Rheumatoid arthritis, on the other hand, is more difficult to identify as there are many other conditions which cause similar symptoms. Blood tests can be used to check for the presence of certain antibodies and inflammatory markers, and x-rays or MRI scans can be used to look more closely at the affected joints.

Treatment of Osteoporosis and Rheumatoid Arthritis

The treatment of these two conditions is also very different. Osteoporosis can be treated with calcium and vitamin D supplements, a medication known as bisphosphonates which slow the deterioration of the bones, or drugs that influence hormonal balance.

It is important that people with osteoporosis take measures to avoid falls and accidents. This could include removing hazards from their homes or having regular sight and hearing tests.

Exercise is also essential as it strengthens the muscles, reducing the risk of fractures. People with osteoporosis may also be advised to eat a diet rich in calcium and vitamin D containing foods. These include dairy products, leafy greens, oily fish such as sardines and mackerel, and egg yolks.

There are two aims in treating rheumatoid arthritis. Firstly, the immune system should be regulated, and this can be done with drugs known as disease-modifying anti-rheumatic drugs (DMARDs) and biological drugs. Secondly, painkillers and anti-inflammatory drugs can be used to manage the symptoms of the condition. Some anti-inflammatory medications commonly prescribed include non-steroidal anti-inflammatory drugs (NSAIDs) like ibuprofen and corticosteroids, like prednisolone.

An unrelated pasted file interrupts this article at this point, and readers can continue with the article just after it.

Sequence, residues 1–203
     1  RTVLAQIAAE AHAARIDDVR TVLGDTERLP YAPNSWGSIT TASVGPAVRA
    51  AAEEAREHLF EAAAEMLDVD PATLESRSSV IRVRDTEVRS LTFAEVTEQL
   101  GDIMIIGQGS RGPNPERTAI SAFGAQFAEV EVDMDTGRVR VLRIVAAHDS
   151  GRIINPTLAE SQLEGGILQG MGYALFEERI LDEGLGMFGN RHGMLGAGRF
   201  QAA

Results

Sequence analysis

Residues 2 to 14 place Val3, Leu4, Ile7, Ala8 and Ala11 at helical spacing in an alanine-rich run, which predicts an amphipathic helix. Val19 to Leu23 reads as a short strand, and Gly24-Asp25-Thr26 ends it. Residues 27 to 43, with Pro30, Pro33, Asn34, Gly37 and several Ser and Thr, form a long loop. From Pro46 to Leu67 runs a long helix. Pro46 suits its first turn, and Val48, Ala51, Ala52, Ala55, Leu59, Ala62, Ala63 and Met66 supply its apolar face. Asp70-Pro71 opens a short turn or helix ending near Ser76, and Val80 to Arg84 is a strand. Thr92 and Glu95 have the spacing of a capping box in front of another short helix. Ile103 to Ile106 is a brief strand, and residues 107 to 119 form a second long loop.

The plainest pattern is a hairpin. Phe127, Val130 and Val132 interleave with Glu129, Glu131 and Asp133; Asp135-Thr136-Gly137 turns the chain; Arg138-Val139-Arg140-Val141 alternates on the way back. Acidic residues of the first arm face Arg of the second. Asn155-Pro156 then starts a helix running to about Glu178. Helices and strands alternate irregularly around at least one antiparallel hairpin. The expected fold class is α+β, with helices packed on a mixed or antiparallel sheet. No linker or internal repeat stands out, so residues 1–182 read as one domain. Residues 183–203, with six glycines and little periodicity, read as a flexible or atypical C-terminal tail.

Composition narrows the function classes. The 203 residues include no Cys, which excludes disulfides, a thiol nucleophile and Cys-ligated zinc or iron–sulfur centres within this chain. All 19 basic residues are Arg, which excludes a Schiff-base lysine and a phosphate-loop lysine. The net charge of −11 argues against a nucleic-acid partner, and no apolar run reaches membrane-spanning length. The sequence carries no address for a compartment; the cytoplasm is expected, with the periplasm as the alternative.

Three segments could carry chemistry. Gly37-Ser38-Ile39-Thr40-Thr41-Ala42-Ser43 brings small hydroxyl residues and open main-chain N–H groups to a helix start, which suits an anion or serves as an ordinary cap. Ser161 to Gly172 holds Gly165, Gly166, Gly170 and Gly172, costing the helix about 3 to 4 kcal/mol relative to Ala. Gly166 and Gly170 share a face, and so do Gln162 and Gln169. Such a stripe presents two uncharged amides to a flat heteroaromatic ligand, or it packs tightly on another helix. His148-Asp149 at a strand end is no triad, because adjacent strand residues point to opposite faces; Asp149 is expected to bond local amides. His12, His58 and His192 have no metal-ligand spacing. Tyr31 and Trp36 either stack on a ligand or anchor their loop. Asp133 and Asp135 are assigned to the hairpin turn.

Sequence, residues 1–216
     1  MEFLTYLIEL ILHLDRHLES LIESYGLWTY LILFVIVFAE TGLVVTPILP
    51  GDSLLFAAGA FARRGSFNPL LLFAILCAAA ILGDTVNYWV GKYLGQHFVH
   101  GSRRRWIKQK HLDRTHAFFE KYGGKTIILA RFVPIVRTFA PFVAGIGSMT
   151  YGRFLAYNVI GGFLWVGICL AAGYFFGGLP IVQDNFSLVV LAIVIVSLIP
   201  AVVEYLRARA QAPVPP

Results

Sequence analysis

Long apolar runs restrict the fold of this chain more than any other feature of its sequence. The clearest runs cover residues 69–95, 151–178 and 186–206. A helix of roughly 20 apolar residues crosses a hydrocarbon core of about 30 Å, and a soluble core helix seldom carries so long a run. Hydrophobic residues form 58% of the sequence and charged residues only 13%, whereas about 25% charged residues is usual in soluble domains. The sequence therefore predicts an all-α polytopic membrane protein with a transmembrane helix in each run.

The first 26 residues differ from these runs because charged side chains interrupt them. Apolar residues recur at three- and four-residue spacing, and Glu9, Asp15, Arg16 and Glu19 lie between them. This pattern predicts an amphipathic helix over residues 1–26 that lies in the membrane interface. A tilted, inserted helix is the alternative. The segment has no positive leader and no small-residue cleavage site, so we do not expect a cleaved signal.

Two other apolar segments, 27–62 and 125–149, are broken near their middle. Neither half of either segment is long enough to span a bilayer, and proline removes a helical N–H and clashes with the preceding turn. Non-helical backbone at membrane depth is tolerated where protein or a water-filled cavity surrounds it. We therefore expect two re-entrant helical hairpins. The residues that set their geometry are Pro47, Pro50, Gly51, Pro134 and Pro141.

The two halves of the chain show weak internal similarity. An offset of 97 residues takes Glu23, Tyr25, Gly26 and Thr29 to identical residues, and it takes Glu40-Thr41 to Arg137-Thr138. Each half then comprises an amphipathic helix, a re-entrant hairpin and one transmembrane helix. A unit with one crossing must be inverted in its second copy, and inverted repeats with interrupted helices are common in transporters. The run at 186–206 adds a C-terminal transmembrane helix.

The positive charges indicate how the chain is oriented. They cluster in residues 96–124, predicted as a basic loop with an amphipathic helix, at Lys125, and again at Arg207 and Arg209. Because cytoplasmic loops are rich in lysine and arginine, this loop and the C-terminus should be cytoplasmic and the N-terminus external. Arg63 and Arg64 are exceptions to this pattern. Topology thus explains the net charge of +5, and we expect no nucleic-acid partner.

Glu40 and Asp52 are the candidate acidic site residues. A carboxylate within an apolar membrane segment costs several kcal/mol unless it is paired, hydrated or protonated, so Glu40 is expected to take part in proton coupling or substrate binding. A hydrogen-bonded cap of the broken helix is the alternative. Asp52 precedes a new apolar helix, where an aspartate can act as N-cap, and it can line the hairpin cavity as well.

Like osteoporosis, exercise is important for rheumatoid arthritis, and many people find physical therapy helpful. Surgery may be an option in severe cases.

What Is the Link Between Osteoporosis and Rheumatoid Arthritis?

It is estimated that people with rheumatoid arthritis are 25–30 percent more likely to develop osteoporosis than the general population.

This could be due to a combination of the side effects of corticosteroid drugs which include reducing bone density and a lack of mobility. It is also thought that the two conditions could be more directly linked as osteoporosis often develops in the bones closest to arthritic joints.

If you have rheumatoid arthritis and are concerned about osteoporosis, ask your physician to arrange a scan.